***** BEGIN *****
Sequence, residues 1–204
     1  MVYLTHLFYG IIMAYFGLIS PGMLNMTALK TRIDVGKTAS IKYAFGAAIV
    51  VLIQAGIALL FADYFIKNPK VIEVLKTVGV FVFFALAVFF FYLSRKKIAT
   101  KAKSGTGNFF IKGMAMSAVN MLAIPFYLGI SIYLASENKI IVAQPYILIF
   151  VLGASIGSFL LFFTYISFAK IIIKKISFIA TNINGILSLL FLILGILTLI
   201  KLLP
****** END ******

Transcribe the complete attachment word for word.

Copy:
Sequence, residues 1–204
     1  MVYLTHLFYG IIMAYFGLIS PGMLNMTALK TRIDVGKTAS IKYAFGAAIV
    51  VLIQAGIALL FADYFIKNPK VIEVLKTVGV FVFFALAVFF FYLSRKKIAT
   101  KAKSGTGNFF IKGMAMSAVN MLAIPFYLGI SIYLASENKI IVAQPYILIF
   151  VLGASIGSFL LFFTYISFAK IIIKKISFIA TNINGILSLL FLILGILTLI
   201  KLLP